The Philippines attracts close to four million tourists a year. With so much to see and an overall laid-back atmosphere, travelers look forward to many fun things while in the county. While the people are warm, friendly and quite hospitable, travelers should still make an effort to practice some travel safety tips to ensure that the trip goes off without a hitch.
Exercise basic common sense when going out. Do not draw attention to yourself by wearing expensive or flashy jewelry. Hold your purse or bag in front of you whenever possible, especially in crowded areas. Pickpockets and purse-snatchers are abundant all over the metropolis. When walking on the sidewalk, stay on the inner part since some thieves operate in teams and ride on a motorbike, ready to relieve people of their belongings and to drag unsuspecting victims on the street, which could result in severe physical injury. Follow travel advisories of the country and your embassy to determine the places that you should avoid.
There have been some health risks caused by mosquito-borne diseases such as malaria and dengue: bring some mosquito repellant. Be sure to have adequate medical coverage before embarking on your trip. A majority of medical health policies do not extend coverage outside the country. It is therefore necessary to avail of travel medical insurance that will cover you for the duration of your stay in the country. There are a number of good medical facilities in the Metro Manila Metropolitan Area. However, in some rural areas, medical facilities may not be readily available. Fortunately, there are many English-speaking personnel available.
The Philippines is a hot tropical country. Travelers should stay hydrated constantly. Drink plenty of water, especially when going outdoors or enjoying outdoor activities. Travelers should apply a liberal amount of sunscreen as protection against the damaging rays of the sun when going outdoors. Do not drink water from the faucet, as it is often not potable. Order bottled water when dining out, before consuming drinks and items with ice, ask if the water is from a filtered source. Otherwise, you may want to skip it. Also, be careful in trying out the street food and other smaller establishments, since food safety practices may not always be enforced. Bring along some anti-diarrhea medication as a safety precaution. At major chains, hotels and largest establishments, proper food handling safety practices are more strictly enforced so dining at these places is a safer bet. When dining out, tipping is expected. Some establishments already include a service charge, while others do not. You may opt to round up the bill to the nearest peso amount as tip.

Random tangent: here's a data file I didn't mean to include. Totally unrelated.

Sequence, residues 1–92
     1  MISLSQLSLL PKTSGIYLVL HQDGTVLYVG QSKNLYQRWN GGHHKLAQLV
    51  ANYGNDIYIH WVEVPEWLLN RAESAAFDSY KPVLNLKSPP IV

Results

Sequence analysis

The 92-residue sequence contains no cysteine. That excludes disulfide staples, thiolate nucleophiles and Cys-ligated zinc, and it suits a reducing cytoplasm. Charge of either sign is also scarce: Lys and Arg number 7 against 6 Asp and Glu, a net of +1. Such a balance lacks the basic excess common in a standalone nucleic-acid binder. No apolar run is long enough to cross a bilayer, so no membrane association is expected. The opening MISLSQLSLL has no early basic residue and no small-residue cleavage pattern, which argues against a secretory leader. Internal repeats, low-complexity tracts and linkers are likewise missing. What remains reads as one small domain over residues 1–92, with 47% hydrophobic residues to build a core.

Have photocopies of your passport and other travel documents with you. There’s no need to carry your passport with you when you tour, as long as you are able to present some form of identification when needed.